Three Missouri Hunters Again Charged With Trespassing In Corner Crossing Case

Three of the four Missouri hunters who were acquitted last week of criminal trespass in a Carbon County corner crossing case have again been charged with the same crime, according to recent court filings.

Ellen Fike

May 04, 20224 min read

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Three of the four Missouri hunters found innocent of criminal trespass last week are facing new criminal charges stemming from a separate Carbon County incident.

Documents from circuit court in Rawlins showed that new trespassing charges were filed on April 25 against Phillip Yeomans, Bradley Cape and Zachary Smith in connection with an incident that occurred in 2020.

They have been ordered to appear in circuit court on Friday, although they have been given the option to appear by video conference.

The hunters face legal action on two fronts — the criminal trespass charges filed in state court and an ongoing lawsuit in federal court filed against them seeking damages on allegations they violated the private airspace of the Iron Bar Ranch.

Yeomans, Cape and Smith, along with John Sloensky, were all found innocent of criminal trespass on Friday by a six-member jury in circuit court in Carbon County. Those charges stemmed from allegations they used a ladder-like device in 2021 to move from one parcel of public land to another without touching Iron Bar Ranch property.

In the latest charges, which were filed in the days before the jury’s verdict in the hunters’ favor, Yeomans, Cape and Smith are once again facing charges of criminal trespass, this time related to an incident in 2020 on the Elk Mountain Ranch, which, like Iron Bar Ranch, is owned by businessman Fred Eschelman.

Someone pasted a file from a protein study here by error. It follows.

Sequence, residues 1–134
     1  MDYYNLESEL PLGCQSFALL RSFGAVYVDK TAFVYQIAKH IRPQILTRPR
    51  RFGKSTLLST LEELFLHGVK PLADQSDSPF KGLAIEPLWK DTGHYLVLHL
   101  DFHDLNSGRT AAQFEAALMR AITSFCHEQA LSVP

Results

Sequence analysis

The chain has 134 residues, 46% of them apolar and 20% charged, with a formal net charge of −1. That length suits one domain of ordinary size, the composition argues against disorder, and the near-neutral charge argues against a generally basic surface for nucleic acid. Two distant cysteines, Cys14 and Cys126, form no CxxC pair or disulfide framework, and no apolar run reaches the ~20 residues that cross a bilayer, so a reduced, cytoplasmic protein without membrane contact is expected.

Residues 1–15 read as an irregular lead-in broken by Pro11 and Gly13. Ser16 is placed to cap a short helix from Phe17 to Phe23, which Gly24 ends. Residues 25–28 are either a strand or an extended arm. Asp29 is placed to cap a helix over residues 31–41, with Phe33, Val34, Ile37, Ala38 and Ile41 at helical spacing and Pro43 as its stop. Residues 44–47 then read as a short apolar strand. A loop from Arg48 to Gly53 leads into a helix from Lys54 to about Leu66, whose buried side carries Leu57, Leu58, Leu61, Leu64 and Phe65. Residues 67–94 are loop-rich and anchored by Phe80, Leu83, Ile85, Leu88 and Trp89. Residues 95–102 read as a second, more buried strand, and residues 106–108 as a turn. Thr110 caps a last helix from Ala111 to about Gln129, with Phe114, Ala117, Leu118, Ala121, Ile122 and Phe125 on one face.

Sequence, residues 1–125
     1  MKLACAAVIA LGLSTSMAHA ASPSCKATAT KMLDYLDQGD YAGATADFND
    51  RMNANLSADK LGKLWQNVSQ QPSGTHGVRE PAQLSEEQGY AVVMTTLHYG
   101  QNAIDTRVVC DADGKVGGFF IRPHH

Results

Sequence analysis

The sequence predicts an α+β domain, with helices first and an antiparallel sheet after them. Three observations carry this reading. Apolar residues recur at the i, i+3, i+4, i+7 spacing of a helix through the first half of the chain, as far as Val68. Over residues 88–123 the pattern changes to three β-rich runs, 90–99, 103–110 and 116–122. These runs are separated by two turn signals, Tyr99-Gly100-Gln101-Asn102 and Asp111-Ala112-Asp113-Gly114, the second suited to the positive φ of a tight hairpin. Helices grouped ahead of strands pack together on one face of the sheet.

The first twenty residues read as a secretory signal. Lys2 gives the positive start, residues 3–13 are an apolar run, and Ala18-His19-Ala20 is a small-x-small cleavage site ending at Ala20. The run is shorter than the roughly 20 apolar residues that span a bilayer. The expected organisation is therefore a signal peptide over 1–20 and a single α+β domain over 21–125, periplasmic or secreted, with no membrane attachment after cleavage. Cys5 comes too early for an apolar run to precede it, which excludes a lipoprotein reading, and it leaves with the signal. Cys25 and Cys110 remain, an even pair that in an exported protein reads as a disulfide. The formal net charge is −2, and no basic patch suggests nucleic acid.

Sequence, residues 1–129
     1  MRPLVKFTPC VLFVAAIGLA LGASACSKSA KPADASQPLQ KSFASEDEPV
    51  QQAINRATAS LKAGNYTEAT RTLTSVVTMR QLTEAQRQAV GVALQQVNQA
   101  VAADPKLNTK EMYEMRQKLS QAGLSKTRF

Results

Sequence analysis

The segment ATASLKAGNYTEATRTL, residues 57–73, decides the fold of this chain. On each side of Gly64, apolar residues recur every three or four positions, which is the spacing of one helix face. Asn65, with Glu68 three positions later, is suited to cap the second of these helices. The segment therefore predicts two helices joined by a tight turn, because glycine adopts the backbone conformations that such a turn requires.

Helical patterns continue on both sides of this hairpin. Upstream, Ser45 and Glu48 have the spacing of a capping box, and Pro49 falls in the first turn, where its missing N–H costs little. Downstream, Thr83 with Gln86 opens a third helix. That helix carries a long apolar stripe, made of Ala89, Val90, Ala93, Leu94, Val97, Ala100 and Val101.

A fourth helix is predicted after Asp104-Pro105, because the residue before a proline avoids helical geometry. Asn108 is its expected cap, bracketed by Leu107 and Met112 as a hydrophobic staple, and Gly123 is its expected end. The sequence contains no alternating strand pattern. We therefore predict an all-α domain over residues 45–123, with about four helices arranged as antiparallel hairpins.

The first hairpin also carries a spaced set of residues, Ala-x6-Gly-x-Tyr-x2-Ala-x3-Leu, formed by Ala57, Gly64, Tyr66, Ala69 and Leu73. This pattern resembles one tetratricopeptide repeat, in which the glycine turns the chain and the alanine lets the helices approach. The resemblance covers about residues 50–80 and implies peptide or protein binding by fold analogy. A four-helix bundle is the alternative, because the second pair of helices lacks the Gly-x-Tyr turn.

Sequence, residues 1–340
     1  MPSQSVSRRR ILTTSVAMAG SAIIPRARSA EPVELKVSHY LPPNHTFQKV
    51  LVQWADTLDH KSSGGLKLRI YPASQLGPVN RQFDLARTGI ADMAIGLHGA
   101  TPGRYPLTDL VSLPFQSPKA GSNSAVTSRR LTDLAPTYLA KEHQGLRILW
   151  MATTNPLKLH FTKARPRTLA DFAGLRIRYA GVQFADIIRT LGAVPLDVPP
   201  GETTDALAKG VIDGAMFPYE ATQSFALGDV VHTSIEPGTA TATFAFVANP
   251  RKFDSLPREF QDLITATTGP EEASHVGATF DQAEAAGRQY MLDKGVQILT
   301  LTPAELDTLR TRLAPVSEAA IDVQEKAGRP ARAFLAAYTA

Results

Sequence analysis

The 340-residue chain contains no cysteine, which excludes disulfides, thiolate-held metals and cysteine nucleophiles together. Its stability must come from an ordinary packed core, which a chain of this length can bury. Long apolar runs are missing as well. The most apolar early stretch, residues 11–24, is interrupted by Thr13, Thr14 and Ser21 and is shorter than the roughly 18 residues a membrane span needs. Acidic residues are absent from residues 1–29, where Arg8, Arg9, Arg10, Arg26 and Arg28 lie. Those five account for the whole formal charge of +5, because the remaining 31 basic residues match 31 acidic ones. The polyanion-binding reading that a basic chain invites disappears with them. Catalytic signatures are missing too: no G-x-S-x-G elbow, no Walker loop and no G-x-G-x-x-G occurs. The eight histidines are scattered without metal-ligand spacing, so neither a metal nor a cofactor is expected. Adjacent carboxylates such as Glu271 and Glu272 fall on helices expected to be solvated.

Wyoming has a “checkerboard” land pattern in which public and private lands are intermingled. Often, private and public lands share common corners, with public land parcels resting diagonally from each other.

In the earlier criminal charges — and in the separate lawsuit pending in federal court — the hunters were accused of violating Iron Bar’s airspace to get from one public parcel to the other.

An affidavit filed with the latest charges accused the three of trespassing on Elk Mountain property when “corner crossing” to move between public lands, although no mention was made of a ladder-like device as was used in the Iron Bar case.

According to the affidavit by Carbon County Sheriff’s Deputy Patrick Patterson, a sheriff’s deputy was contacted on Oct. 2, 2020 about a possible trespass at Elk Mountain Ranch.

The ranch’s foreman reported that three hunters on Elk Mountain shot and killed a bull elk on public land, but the land on which they killed the animal could only be reached if they trespassed on private land.

The foreman said he also contacted the Wyoming and Game Fish Department and a game warden said the department did not want to get involved in the “corner crossing” dispute.

The deputy and foreman searched an access road in Hanna in attempt to locate the hunters and the bull elk, but were unable to do so. They then went and spoke with the ranch’s owner, who wanted the hunters either cited or arrested.

A deputy made contact with the hunters the next day, the affidavit said, and the hunters said they knew they were crossing an intersection of private and public lands, but added they did not intend to trespass, the affidavit said.

The hunters repeatedly told the officer that their intent was to “corner cross,” without trespassing on the private land and that they used a GPS to find the intersection of two private and two public lands and then cross at the point where the four join.

Cape told the officer that there was a “no trespassing” sign in the area where they crossed, but the hunters continued to insist their intent was not to trespass.

The Wyoming Backcountry Hunters and Anglers did not immediately return Cowboy State Daily’s request for comment on Wednesday.

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Ellen Fike